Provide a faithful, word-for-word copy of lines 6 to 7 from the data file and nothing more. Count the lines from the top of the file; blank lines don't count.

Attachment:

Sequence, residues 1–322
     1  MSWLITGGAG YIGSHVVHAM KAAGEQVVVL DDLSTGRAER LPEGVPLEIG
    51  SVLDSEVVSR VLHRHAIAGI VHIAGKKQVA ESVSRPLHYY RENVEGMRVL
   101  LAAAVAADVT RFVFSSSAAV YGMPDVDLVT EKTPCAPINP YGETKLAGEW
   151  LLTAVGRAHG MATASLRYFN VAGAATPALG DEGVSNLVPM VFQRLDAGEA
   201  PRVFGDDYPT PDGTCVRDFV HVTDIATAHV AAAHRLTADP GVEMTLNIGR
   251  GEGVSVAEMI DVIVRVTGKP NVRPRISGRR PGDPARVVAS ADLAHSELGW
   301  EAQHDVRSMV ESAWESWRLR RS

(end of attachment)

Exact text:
   201  PRVFGDDYPT PDGTCVRDFV HVTDIATAHV AAAHRLTADP GVEMTLNIGR
   251  GEGVSVAEMI DVIVRVTGKP NVRPRISGRR PGDPARVVAS ADLAHSELGW